The CD13/aminopeptidase N cell surface peptidase is expressed on activated endothelial cells and normal cells of the myeloid lineage including monocytes, granulocytes, macrophages dendritic, and mast cells. We find that crosslinking of either monocytes or endothelial cells with activating monoclonal antibodies to CD13 significantly enhances cell-cell adhesion in a signal transduction dependent manner consistent with the antibody mimicking a natural CD13 activator that regulates cell adhesion. In agreement, while their hematopoietic profiles are normal, macrophages from CD13 null mice are significantly impaired in their ability to adhere to endothelial monolayers, suggesting CD13 participates in inflammatory monocyte/endothelial interactions. In addition, mice lacking CD13 are completely protected in a model of multiple sclerosis, strongly implicating a critical role in inflammatory autoimmune mechanisms as well. Investigation into the relevant molecular mechanisms showed that soluble recombinant CD13 blocks this adhesion, activated monocytes adhere to immobilized recombinant CD13 and both monocyte and endothelial cell CD13 are found in a single immunocomplex, suggesting that CD13 directly participates in the adhesion. Furthermore, adhesion is strictly dependent on sialyl moieties, implicating a role for the sialic acid binding proteins DSiglecsD in CD13 adhesion. To identify a physiologic source of the CD13 activator, serum from mice undergoing hypersensitivity reactions or atherosclerosis but not other inflammatory insults increases CDIS-dependent monocyte/endothelial adhesion, thus we can proteomically identify this intriguing CDIS-specific inflammatory regulator that dictates novel cell-cell interactions in response to specific challenges. Collectively, these data support a role for CD13 as a molecular interface that induces and participates in critical inflammatory cell interactions and may provide insights regarding the high levels of serum sialic acid associated with cardiovascular disease. The experimental plan will dissect the relative contribution of monocytic CD13 to inflammatory processes using conditional CD13 null animals in in vivo models of inflammation. In addition, we will identify the novel molecular mechanisms by which CD13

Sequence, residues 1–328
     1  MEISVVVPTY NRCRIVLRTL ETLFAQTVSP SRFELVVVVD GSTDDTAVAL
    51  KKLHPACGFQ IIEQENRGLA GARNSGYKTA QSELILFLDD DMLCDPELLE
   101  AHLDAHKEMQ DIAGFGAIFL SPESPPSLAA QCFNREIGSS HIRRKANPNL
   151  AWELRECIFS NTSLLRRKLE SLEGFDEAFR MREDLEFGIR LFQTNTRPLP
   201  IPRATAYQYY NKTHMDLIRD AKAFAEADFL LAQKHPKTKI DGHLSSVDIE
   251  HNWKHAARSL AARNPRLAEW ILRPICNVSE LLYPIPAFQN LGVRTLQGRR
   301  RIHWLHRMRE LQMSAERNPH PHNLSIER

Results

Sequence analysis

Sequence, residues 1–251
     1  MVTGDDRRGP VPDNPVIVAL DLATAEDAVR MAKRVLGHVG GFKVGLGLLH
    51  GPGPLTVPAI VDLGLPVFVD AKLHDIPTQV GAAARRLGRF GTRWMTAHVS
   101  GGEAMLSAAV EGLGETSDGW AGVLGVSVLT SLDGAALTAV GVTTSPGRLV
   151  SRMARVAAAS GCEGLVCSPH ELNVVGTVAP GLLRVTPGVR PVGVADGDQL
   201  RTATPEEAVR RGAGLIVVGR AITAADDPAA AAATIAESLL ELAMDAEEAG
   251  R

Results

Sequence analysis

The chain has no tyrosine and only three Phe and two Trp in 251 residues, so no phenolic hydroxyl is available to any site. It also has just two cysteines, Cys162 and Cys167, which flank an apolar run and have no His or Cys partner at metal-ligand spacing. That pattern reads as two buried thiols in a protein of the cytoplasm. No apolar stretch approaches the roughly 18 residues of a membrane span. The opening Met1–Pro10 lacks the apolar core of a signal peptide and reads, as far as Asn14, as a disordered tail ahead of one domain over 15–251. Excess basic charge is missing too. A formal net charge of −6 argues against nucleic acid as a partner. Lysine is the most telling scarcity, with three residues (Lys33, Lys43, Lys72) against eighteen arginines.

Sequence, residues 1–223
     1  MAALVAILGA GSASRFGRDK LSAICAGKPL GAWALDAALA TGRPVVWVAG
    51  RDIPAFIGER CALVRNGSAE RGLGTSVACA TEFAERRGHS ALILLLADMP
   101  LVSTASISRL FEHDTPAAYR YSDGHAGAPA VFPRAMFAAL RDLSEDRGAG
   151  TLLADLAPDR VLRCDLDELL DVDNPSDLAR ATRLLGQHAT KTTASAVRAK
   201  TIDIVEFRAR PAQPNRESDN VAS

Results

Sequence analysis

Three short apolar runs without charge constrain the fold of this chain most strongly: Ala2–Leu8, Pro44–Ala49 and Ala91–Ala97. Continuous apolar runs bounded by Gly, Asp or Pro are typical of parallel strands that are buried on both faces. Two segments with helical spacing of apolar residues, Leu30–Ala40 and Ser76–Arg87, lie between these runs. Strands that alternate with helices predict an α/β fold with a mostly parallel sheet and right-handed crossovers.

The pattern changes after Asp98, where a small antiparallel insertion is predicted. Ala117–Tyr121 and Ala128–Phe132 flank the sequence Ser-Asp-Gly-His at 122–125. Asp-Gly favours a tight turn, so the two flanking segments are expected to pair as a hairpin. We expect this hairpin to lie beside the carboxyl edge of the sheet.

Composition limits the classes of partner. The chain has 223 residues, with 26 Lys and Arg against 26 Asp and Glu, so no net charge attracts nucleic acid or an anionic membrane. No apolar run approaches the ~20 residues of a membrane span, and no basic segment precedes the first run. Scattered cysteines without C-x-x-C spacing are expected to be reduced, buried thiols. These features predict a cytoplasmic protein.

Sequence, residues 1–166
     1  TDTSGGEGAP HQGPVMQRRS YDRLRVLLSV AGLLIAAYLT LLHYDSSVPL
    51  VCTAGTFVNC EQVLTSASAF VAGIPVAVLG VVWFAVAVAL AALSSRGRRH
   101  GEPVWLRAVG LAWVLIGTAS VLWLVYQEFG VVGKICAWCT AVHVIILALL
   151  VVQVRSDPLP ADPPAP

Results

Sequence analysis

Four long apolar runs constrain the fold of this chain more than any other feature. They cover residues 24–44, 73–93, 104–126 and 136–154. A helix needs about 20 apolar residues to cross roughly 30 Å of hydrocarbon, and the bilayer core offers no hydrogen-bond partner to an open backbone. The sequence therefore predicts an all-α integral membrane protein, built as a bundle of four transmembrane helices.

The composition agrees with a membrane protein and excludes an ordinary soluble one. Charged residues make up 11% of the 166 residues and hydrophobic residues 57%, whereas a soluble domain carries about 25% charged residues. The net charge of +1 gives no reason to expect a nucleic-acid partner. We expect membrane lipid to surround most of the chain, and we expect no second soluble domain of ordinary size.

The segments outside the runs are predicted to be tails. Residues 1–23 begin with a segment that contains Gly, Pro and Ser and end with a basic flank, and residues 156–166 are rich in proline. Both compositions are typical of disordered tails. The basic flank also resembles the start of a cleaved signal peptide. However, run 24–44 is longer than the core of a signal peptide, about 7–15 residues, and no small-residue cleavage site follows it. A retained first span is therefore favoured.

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Inflammation is linked to the progression of many human diseases such as cardiovascular disease, diabetes, rheumatoid arthritis, and cancer. In these diseases normally protective mechanisms become unbalanced and lead to tissue damage and intensification of disease. Understanding the molecules and mechanisms that regulate normal functions is critical to controlling their dysregulation in disease.

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National Heart, Lung, and Blood Institute (NHLBI)
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University of Connecticut
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